UPDATE: Down Power Lines Reported in Town
Utility companies warn of power outage threat during ice storm.
Utility companies are warning customers to be prepared for the second round of winter's latest storm that is expected to produce as much as three-quarters of an inch of icy glaze by late Wednesday morning.
The storm has closed all Hillsborough Public Schools on Wednesday. Hillsborough Police reported Clawson Avenue was closed due to down wires at about 8 a.m., and also reported Brook Drive at Mountain Road was closed due to low power lines around 7 a.m.
Police also closed Longhill Road and Meadowbrook Drive for downed wires at 9:35 a.m. Longhill Road was opened again at 11:25 a.m. and Meadowbrook Drive was opened around 1:30 p.m.
Police also closed Triangle Road from Farm Road to Route 206 because of downed wires at about 9:00 a.m. The road was reopened at 9:31 a.m.
South Branch Road at East Mountain Road had been closed earlier in the morning also due to low hanging wires, but was re-opened shortly after 6:30 a.m., police said.
Flooding caused the closure of Route 206 at Mountain View Road in Montgomery Township near the Hillsborough border at about 6:30 a.m. but was re-opened shortly before 9 a.m., police said.
The National Weather Service has lifted its winter storm warning and has issued an ice storm warning for the area through Wednesday evening.
Heavy freezing rain and sleet are expected overnight, causing for a slick morning commute and the potential for downed limbs and power lines.
PSE&G and JCP&L warned customers on Tuesday of the potential threat of "widespread and lengthy power outages" from the storm.
"If weather forecasts are correct, we could experience significant damage to our power lines due to icing and tree issues," PSE&G President and COO Ralph LaRossa said.
"Depending on the severity of the damage, response times for both electric and gas emergencies may be longer. Dangerous icing conditions may make it difficult for our utility crews to safely travel to restore service. We ask that customers be patient."
PSE&G said wires can come down due to the weight of the ice and from cars that skid out on icy road surfaces and hit utility poles. If a wire comes down on a vehicle, drivers and passengers are asked to remain inside the car until emergency services arrive on the scene to help.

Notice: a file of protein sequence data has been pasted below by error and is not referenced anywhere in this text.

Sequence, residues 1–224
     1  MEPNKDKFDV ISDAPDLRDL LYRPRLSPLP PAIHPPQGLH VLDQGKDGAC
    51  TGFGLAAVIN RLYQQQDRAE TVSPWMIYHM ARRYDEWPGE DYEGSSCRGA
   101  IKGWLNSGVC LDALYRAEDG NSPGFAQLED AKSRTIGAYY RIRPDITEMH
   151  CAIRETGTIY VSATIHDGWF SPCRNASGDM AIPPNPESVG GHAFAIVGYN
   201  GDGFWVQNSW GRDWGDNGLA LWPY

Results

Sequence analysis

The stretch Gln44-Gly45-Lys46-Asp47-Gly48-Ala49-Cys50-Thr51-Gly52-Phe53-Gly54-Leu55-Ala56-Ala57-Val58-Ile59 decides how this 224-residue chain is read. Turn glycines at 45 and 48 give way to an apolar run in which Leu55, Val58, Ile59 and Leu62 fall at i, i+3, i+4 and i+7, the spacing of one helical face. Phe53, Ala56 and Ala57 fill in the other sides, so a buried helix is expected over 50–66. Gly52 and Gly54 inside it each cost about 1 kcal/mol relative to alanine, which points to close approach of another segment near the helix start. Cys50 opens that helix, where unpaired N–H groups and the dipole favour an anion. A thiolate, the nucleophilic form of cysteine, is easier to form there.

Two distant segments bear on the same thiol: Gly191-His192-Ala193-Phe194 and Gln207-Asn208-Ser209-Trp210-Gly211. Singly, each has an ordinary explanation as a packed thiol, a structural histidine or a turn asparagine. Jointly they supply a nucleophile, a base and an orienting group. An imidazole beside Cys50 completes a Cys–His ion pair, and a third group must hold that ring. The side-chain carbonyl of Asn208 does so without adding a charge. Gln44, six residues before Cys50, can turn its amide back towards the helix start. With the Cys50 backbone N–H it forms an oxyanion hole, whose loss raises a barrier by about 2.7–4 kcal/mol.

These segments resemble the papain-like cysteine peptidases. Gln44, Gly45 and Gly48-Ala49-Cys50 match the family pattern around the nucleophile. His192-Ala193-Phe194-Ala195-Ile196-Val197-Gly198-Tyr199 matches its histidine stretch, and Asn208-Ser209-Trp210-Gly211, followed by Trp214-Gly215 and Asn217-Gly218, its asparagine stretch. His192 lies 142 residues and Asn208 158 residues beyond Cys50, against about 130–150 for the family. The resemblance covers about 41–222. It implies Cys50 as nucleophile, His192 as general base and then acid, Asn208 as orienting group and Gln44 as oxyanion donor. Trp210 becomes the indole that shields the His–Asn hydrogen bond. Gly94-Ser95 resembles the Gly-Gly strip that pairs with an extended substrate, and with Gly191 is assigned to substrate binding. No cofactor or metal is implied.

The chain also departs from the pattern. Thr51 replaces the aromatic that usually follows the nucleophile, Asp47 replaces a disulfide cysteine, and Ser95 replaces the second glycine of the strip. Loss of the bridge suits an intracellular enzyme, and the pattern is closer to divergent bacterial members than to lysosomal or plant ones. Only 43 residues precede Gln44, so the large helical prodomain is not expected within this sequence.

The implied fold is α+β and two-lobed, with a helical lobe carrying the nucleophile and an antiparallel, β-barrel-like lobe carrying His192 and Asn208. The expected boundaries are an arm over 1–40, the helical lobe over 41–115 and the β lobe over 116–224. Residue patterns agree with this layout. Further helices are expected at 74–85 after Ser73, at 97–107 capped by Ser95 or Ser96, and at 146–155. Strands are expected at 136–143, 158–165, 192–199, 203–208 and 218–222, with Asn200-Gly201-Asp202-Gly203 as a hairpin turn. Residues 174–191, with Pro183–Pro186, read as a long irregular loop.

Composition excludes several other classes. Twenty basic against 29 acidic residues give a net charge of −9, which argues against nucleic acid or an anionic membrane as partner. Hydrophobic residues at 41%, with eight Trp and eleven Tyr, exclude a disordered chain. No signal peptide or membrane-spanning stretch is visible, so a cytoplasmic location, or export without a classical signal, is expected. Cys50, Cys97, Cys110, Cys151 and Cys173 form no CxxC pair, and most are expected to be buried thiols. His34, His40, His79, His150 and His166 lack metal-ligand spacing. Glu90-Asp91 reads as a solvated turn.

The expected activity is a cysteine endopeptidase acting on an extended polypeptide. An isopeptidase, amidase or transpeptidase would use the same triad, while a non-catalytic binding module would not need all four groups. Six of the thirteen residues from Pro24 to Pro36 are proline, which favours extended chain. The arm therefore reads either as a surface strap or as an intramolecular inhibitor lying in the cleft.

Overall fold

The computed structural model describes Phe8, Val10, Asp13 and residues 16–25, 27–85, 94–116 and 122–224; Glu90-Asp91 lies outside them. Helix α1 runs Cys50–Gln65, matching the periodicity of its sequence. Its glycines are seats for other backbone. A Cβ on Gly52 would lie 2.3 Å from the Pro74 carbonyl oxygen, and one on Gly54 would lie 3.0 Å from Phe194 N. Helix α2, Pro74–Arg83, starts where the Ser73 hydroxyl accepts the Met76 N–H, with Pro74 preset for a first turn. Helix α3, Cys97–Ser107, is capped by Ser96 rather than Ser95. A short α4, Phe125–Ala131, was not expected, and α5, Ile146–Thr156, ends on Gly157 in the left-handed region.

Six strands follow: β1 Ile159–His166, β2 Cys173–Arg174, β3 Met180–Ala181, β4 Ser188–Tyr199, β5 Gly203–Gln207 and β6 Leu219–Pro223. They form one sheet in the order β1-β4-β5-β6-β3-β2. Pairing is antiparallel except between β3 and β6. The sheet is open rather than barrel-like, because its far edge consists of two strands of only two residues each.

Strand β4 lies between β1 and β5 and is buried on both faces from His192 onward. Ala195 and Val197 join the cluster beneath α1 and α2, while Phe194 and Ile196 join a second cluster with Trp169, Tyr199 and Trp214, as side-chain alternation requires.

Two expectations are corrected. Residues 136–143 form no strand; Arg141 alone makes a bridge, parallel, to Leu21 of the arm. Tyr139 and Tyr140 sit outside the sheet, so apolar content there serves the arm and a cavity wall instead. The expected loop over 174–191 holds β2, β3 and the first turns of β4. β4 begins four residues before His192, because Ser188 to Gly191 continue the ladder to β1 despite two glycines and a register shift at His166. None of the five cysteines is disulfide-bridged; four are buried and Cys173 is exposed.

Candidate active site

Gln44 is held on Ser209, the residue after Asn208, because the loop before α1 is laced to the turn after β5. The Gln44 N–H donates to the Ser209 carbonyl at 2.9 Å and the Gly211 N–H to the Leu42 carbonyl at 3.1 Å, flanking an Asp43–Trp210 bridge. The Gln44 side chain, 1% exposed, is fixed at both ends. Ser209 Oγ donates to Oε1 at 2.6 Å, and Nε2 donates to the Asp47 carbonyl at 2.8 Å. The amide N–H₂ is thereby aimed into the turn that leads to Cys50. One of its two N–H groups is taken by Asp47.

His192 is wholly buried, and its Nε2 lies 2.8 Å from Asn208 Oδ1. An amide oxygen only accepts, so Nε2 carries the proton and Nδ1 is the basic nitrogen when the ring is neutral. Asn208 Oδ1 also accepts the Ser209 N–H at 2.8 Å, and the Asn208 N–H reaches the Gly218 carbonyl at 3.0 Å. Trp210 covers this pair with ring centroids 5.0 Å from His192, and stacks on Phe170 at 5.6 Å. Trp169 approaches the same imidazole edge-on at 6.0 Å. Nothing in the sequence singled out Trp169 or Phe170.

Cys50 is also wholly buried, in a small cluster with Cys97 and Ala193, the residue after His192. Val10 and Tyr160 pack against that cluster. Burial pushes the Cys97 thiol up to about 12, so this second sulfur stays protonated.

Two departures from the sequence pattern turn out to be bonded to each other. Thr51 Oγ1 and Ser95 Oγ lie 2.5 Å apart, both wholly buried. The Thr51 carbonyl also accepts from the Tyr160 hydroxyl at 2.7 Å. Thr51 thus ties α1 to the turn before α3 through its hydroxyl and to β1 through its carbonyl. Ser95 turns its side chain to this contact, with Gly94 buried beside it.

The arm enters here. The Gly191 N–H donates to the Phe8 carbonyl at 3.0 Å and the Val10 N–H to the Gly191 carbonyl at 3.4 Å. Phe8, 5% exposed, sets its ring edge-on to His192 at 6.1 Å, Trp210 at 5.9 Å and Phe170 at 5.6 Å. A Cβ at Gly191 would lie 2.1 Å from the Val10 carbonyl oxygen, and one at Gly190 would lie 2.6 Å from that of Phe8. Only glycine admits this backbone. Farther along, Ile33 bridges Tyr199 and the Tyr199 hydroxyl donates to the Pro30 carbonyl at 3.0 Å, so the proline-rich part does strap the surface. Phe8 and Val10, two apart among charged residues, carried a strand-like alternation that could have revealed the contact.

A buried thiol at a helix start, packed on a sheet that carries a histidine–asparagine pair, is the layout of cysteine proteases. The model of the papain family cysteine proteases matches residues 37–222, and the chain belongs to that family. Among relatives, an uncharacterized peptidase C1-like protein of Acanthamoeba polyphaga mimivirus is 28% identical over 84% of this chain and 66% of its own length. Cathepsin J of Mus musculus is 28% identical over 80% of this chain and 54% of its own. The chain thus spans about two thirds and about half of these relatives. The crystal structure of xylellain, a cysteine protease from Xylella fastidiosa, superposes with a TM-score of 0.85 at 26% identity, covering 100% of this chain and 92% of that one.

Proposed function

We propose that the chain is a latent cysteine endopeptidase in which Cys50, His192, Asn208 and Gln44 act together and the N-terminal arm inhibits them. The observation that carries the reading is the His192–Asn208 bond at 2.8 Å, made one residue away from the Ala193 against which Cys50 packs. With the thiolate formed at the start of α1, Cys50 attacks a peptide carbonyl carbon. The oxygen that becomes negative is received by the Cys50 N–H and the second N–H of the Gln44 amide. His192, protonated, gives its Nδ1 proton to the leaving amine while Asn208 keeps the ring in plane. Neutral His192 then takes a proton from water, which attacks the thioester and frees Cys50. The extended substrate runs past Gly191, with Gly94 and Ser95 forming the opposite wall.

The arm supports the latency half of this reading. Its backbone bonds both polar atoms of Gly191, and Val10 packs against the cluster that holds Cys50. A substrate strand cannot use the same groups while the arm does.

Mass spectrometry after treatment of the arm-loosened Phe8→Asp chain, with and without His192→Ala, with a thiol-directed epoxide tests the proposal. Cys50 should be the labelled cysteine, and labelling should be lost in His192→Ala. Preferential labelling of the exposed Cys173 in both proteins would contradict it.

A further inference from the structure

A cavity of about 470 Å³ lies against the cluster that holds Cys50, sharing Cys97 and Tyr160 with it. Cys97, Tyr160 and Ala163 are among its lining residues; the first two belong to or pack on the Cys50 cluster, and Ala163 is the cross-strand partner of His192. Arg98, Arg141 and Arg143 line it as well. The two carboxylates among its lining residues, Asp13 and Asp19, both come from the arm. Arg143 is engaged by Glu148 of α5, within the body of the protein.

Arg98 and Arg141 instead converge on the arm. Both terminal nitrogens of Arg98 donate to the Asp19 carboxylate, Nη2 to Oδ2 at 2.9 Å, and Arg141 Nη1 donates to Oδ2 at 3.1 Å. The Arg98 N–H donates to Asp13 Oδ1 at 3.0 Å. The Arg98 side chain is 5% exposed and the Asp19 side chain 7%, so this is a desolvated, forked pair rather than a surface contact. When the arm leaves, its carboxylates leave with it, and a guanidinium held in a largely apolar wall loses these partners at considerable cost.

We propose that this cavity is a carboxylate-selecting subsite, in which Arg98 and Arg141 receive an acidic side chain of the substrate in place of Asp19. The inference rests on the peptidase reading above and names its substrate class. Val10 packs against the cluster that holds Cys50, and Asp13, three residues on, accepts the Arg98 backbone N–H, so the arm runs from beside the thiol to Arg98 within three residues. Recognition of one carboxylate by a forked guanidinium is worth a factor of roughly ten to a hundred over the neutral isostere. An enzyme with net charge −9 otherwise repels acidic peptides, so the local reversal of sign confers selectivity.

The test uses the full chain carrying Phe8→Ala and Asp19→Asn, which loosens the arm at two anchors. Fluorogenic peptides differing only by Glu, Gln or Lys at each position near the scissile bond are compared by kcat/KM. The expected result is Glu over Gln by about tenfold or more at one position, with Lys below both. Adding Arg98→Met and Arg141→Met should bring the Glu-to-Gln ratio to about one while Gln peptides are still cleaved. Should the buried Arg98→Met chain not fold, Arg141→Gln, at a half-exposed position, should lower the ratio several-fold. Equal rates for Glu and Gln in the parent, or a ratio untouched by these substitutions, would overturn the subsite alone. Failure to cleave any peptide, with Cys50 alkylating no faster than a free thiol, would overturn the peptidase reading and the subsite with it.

PSE&G customers should report outages and downed power wires or utility poles to the customer service line at 1-800-436-PSEG. Customers can follow the progress of repairs to wires, poles and power outages by signing up as Twitter followers at http://twitter.com/psegoutageinfo or by visiting www.pseg.com.
JCP&L customers should report outages by calling 1-888-LIGHTSS (1-888-544-4877).
JCP&L offered these tips for getting through the storm:
- Be safe around power lines—Assume any downed wire is carrying electricity and call your local electric company, police or fire department to report it.
- Keep refrigerator and freezer doors closed—Food will keep for hours if you limit the number of times the doors are opened.
- Never use gas stoves or outdoor heaters to keep your house warm—These devices can cause the build up of deadly carbon monoxide in your home.
- Use generators safely and according to instructions—Follow directions for placement of generators and safe electrical connections. Never connect a generator to your home electrical system without contacting a certified electrician and installing a proper isolation device.
- Stock up on batteries for flashlights and portable radios
- Unplug appliances and electronics until power is restored—This will help protect your electronics and other sensitive equipment, and ease the initial load on the electrical system when the power is restored. Leave one light on so that you know when the power is back.
- Make sure you have at least one corded telephone—Most cordless phones will not operate properly in a power outage.
- Stay tuned for updates and information from your local and state emergency management agencies
Patch will continue to update this story throughout the storm. Let us know what it looks like in your neighborhood by telling us in the comments section.
—Tracy Montgomery contributed to this report.